“If someone wants a gin and tonic on a Yanu, for example, you [the bar owner] may specify that the robot pours four centimetres of gin, as well as the correct amount of tonic and lemon juice,” Mr Adojaan explains. Another advantage of a Yanu (cost: $150,000) is that it can serve beverages faster – and to a larger number of people – than human bartenders could. “We’re looking for venues with a lot of foot traffic, like sporting events, festivals, or nightclubs,” he explains. “The machine is extremely rapid, producing 100 cocktails each hour at the rate of three and a half bartenders. It has a capacity of 1,200 drinks.” Furthermore, bartending robots can provide 24-hour service in situations where hiring a human bartender would be prohibitively expensive and impractical.

“Consider a hotel lobby or an airport that is open 24 hours a day. You’d need to engage three shifts of personnel for such a facility, which is pretty costly “Mr. Adojaan explains. “So, for the most part, that will be our playing fields.” At the World Expo in Dubai, one of its Yanu robots is now preparing alcohol-free drinks at the Estonian exhibit. The emergence of bartending robots, like that of other sectors, is likely to create worries about job losses. While some bartenders and waitresses will lose their employment, Emanuele Rossetti, the CEO of Italian robot bartender firm Makr Shakr, believes that they will be able to find new work in the larger hospitality sector. In order to assist impacted human bartenders, it introduced a campaign in the United States in 2019 in which it promised to compensate a bartender or waitress $1,000 (£747) for each unit sold to help them retrain. Toni and Bruno, two robot models designed by Mark Shakr, have been put on nine Royal Caribbean cruise ships. They start at 99,000 euros ($114,000; £85,000) and go up from there.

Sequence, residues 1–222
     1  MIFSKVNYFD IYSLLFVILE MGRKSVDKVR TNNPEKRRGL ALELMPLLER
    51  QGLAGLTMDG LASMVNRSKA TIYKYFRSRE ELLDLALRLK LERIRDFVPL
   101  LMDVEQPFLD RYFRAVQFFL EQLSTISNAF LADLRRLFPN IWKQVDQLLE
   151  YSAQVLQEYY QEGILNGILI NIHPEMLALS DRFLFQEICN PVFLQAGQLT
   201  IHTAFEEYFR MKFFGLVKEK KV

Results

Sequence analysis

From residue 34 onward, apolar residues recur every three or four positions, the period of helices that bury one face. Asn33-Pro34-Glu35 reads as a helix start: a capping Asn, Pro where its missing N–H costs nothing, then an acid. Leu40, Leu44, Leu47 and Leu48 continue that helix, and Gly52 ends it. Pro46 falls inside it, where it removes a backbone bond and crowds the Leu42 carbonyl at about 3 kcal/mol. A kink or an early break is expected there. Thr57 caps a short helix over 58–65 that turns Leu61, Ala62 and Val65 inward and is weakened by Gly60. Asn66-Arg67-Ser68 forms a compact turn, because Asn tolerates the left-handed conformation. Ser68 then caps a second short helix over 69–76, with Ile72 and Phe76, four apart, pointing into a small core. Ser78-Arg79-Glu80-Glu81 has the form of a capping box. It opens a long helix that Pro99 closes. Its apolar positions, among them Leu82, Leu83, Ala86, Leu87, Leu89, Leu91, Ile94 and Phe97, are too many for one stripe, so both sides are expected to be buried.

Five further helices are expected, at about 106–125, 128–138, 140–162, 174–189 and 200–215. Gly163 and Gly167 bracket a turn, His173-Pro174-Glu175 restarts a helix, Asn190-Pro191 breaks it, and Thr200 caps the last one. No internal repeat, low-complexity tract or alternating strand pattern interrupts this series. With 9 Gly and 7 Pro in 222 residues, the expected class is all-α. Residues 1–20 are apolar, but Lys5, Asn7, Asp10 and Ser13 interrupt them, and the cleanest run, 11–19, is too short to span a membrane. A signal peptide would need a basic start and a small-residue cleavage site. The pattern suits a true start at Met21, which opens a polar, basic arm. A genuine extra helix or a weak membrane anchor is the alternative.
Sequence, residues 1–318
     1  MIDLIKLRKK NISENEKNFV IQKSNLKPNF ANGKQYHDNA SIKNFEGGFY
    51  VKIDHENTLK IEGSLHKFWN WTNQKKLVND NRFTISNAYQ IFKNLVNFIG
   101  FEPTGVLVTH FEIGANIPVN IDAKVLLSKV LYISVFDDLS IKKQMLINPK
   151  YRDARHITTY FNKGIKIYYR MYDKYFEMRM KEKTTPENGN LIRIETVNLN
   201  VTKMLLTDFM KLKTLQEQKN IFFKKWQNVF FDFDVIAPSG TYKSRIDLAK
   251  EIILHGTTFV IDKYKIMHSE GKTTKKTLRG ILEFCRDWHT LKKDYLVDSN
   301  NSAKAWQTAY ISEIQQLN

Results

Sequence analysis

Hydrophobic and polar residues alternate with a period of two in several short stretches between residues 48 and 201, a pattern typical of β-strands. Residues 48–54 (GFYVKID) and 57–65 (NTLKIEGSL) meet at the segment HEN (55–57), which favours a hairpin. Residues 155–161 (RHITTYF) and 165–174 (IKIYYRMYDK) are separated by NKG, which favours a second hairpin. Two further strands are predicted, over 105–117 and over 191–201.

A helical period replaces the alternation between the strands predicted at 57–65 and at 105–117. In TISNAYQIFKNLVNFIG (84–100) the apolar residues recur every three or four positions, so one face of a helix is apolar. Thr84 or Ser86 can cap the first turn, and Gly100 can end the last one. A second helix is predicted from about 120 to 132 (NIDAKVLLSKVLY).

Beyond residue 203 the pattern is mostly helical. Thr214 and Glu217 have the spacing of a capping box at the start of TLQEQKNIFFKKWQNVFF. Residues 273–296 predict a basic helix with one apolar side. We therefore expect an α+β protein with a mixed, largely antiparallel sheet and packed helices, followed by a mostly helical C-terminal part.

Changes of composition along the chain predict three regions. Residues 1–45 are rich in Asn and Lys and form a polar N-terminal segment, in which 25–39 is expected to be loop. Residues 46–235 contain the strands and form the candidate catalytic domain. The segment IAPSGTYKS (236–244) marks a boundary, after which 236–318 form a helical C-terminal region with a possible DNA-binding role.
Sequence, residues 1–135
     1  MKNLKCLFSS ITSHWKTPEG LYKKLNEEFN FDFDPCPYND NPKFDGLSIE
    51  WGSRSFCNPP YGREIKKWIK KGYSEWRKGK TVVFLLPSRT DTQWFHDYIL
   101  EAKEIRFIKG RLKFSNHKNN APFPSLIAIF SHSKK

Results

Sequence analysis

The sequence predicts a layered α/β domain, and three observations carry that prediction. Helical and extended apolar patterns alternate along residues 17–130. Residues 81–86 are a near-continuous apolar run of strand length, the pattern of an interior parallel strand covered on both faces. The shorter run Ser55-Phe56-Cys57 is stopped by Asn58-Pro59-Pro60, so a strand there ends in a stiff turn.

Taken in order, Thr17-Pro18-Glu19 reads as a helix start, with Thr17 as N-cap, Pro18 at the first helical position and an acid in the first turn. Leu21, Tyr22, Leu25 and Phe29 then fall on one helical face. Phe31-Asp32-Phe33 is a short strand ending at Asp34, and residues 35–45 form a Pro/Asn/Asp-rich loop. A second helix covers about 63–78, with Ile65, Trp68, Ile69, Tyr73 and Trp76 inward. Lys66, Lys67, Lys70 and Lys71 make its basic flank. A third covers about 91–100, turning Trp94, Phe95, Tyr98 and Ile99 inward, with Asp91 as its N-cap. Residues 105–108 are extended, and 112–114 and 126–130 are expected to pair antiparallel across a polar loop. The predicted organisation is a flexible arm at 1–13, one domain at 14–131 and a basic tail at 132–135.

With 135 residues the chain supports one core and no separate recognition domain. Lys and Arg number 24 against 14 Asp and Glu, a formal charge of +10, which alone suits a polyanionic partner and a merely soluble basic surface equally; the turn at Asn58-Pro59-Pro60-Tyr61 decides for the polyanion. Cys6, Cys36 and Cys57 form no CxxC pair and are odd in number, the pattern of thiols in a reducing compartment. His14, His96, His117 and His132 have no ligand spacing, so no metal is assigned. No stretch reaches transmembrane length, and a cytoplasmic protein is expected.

While some robotics experts believe the technology will become more widely used, others in the hospitality industry believe that human bartenders would not be affected. “Robots will not be able to take the position of traditional [human-staffed] bars,” says Jan Hiersemenzel, head of marketing at F&P Robotics, which develops the Barney Bar robot bar server. “Instead, standalone robot bars are being put up in entertainment and hospitality facilities, as well as at events where a regular bar would not have been set up.” JD Wetherspoon, a British pub business, has no plans to purchase a fleet of robots to operate behind its bars. “In a word, no,” says a company representative. “Wetherspoons would never do something like that.” Mr Adojaan of Yanu, on the other hand, is optimistic about future sales to regular establishments, particularly nightclubs.

“For starters, having a conversation with a bartender is a cinematic cliché, at least in Europe,” he explains. “And you don’t have a discussion in a nightclub. You yell at the bartender to hurry up with your drink.” He goes on to say that bartenders frequently have the onerous chore of dealing with “obnoxious inebriated customers.” “They’ll be replaced by machines, just like other vocations that aren’t pleasurable or artistic on a regular basis,” he adds. Customers who want to converse with their bartender or waitress will find that the robots will develop more human-like characteristics over time, according to Mr Adojaan. “We’re attempting to design something,” he adds, “that can conduct a conversation, make a joke, ask whether you liked your drink, or recommend another.” “The endeavour to make it [look] alive, or have character, is the most exciting element of the project.”